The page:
November 07, 2006
I have to admit to an instant love of Westbound Train's third album, Transitions. On first listen, I was immediately reminded of the classic English Beat, which, as you will read below, is understandable. Their record is more than a mere imitation, though; it's a pleasing, hard-to-dislike record that's mature and mellow and, ultimately, was one of this year's best releases. And I have to hand it to lead singer Obi Fernandez; he is an excellent singer. I also have to give him some credit for talking to me when he did. After a month and a half of missing connections with him, when I finally did get a hold of him, he was suffering from laryngitis, and he sounded terrible. If the interview below seems a little stiff, please forgive him; he was kind enough to speak to me, and what he had to say was quite interesting. I thank him for sacrificing his voice a little bit just to talk to me. Go check out their record; I doubt you'll be disappointed.
Transitions was the first time I had heard Westbound Train, and when I did, my very first reaction was, "Wow, these guys remind me of English Beat!" Then, when I looked at your Myspace page, I thought, "I'll be darned, they're actually touring with English Beat!" How was it, touring with them?
(Laughs) Touring with them, I can honestly say that it was the most fun tour I have ever been on so far, and for many reasons. A: Being on tour with English Beat. B. Not just touring with Dave Wakeling, but also The Specials' Lynval Golding and Selecter's Pauline Black. Just being on tour with your heroes, people who influenced you, it really couldn't get any better. Every day was really incredible, just getting to share the stage with them.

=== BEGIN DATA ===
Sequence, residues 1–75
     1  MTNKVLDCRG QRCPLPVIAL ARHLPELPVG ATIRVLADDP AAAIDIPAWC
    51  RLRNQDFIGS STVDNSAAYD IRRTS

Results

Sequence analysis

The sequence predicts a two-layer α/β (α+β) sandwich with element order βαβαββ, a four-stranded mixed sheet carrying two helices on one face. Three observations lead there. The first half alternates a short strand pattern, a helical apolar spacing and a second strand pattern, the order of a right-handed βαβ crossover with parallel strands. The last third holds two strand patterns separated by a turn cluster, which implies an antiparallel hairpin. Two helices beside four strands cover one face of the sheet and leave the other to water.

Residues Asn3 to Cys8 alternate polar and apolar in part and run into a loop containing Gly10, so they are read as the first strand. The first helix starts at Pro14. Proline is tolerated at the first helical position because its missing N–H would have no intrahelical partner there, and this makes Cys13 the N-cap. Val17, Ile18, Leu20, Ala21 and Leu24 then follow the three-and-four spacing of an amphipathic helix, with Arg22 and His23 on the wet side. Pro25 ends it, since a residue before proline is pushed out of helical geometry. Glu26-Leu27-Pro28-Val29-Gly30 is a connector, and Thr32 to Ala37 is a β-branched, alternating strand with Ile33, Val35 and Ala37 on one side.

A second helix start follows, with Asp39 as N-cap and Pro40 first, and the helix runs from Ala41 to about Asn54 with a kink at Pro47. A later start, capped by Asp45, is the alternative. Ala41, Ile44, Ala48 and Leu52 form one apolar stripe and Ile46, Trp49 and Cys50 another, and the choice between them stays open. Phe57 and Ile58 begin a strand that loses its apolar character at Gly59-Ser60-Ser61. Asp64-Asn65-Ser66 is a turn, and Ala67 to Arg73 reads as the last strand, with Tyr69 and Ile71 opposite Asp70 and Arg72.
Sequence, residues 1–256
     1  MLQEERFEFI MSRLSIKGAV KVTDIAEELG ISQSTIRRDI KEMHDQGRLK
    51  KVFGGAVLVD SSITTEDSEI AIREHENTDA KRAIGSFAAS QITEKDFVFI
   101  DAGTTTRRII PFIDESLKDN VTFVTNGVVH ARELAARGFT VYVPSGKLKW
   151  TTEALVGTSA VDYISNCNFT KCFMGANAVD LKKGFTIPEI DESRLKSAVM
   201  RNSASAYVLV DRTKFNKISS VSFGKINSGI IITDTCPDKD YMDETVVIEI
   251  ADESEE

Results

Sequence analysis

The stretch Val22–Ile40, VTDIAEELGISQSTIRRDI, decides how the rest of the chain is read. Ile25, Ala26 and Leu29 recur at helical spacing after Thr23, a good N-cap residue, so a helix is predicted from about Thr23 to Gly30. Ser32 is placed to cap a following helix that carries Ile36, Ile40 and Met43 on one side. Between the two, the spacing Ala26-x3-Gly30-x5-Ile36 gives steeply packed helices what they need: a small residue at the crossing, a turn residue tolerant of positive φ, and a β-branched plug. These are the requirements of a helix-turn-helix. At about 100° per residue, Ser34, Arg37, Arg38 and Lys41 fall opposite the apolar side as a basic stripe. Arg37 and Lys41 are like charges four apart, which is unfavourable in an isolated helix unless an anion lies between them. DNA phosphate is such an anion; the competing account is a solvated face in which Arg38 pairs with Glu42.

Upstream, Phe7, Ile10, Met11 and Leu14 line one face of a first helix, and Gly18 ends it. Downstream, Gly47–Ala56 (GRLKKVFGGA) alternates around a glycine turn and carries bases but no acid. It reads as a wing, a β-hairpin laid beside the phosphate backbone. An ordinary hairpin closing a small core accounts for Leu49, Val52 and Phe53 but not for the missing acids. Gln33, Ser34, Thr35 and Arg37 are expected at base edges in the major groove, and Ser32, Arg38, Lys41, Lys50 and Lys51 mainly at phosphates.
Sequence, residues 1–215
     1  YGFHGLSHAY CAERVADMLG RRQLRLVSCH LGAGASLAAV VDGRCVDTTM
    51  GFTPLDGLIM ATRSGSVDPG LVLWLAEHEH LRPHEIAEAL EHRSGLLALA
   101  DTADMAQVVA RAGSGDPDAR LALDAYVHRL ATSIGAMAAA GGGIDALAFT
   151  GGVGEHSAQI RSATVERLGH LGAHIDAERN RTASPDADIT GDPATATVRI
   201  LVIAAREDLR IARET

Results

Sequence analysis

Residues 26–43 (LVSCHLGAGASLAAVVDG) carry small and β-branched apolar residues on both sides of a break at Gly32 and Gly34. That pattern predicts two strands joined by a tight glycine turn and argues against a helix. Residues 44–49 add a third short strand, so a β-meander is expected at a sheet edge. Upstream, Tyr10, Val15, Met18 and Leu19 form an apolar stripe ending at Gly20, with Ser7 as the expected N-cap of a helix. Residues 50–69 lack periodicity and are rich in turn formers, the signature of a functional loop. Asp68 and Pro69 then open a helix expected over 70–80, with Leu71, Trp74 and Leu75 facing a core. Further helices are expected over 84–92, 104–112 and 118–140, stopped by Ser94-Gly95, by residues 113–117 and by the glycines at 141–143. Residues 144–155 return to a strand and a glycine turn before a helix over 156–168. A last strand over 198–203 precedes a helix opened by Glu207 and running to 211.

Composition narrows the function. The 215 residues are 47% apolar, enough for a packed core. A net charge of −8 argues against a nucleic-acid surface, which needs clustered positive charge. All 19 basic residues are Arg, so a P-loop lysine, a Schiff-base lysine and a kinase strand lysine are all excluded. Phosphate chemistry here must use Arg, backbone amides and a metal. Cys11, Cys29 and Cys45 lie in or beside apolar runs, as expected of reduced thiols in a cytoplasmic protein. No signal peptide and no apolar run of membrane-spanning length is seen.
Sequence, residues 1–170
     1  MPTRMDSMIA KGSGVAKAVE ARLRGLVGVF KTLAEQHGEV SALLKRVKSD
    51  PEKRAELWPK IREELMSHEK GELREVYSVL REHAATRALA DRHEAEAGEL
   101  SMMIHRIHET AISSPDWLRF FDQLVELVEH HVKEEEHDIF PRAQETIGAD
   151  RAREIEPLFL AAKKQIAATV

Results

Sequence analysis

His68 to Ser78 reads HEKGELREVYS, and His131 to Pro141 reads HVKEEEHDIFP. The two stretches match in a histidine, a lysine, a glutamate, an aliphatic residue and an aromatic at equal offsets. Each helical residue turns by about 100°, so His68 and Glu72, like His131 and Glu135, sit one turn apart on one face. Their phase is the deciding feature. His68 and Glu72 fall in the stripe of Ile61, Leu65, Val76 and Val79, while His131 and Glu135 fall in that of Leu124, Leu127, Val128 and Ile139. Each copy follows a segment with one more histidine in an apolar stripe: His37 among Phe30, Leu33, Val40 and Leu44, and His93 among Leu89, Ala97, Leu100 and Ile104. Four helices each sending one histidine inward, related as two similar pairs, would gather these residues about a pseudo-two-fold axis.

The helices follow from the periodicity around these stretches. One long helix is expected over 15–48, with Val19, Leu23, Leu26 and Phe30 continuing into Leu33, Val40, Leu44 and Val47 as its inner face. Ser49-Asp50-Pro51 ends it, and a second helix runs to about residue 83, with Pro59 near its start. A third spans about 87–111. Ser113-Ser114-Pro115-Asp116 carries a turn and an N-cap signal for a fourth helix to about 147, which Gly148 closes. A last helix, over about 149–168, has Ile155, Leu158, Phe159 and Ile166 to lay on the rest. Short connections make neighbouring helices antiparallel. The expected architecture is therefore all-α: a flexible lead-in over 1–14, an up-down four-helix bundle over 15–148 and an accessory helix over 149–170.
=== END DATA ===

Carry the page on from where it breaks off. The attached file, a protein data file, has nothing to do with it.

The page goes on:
Considering the major influence they have on your music, I'd imagine playing with Dave Wakeling was like a dream come true. Did he give you any advice or life lessons from his years of experience?
Oh yeah, he taught us a lot of things. He showed us his styles; he talked about going out every night and doing our jobs. He talked a lot about going out and making things happen for ourselves, not to depend on other people, and that if you want something, then you should just go out and get it done.
When I think of ska, I'm usually reminded of the ska-punk trend of the mid-to-late 1990s, which was really youth-oriented. But your sound is much more mature. Do you find that your audience is older, or are ska audiences a bit older now?
I think that when we play shows on our own, we'll see an older crowd. But we've been playing a lot of package tours and playing to an audience that's a lot younger. I think it just depends on where we are playing and what's going on.
On Transitions I noticed that almost every song starts with an apology or a defense or some form of contrition. Even the title, Transitions, reflects change. Was this a really personal record for you to write?